It is with the documents that the real story comes out and why her mother and uncle asked me to talk with her and see if I can help her out.

This girl is 29, working at a job that pays about $42K per year, because she only works part-time (20 hours per week) by choice. There is a maxed out line of credit on her paid-off home, she has less than $500 in the bank, and an astonishing amount of credit card debt racked up in just a few years. On top of which – before inheriting her home and money, she had declared bankruptcy because of other credit card debt accrued in college.

I asked her how all this debt came about and got some pretty vague answers about shopping and paying for a couple of fender benders to keep them off her insurance and travel and charitable giving. I asked what happened to her inheritance, and got similar responses, with the addition of … plastic surgery. Did I mention she is turning 30 in a couple of months?

Ugh. Financial train wreck? More like mushroom cloud of financial devastation.

While I suspected this was going to be a huge challenge, I valiantly tried to help her.

Does she have a budget? Yes, but she routinely runs out of money and has to use her credit cards. Okay, can she show me her budget. Well no, because she keeps it in her head. She does pay all her bills when she gets paid and lives on what’s leftover. Except with this much credit card debt, there is a whole lot more living going on than a single person should be doing.

Or so goes the judgmental budget coach in me.

I did not have time to crunch the numbers to even get a sense of where she was, so we set up another appointment for this weekend after I had a better chance to look through her stuff and figure out how truly bad things are for her. And after looking through all her stuff last night, it’s really bad.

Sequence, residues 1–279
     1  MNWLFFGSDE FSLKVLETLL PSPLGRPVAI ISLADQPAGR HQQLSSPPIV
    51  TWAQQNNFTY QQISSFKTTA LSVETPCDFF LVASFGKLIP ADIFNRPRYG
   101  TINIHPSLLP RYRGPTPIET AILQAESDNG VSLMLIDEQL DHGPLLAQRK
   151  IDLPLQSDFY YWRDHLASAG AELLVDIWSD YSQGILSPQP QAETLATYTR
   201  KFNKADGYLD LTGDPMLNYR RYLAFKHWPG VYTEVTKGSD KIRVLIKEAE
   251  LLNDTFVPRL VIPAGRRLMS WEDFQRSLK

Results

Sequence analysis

Since I know quite a few people in her age bracket, I know it is not just an issue of financial literacy. Yet I cannot fathom how someone could go blow through a just over $100K in inheritance, take out (and then max out) a line of credit on a paid-off home, and run up enough credit card debt to owe just over $150K on a $42K per year salary. And yet, I have seen so much worse through the years.

I know and have heard all the arguments and sob stories about the evil banks and credit card companies taking advantage of the consumer. Bullshit. No one makes us take on debt, although I do know sometimes it’s an uncomfortable only option we have. My sympathy in this is primarily with her family, who – rightly – refuse to bail her out of this mess and merely try to find her resources to help resolve it.

The discord in this is that she is in such a deep, dark place of denial. The typical millennial mindset is stronger than average in this one (and I do apologize to all my very level-headed millennial friends who may be reading this vent).

Either way, she’s in a huge financial bind and it will get worse long before it gets better. I want nothing but success for her, but from conversations with her uncle and her mother, she is not listening to them and is unlikely to listen to me. However, I will do my best.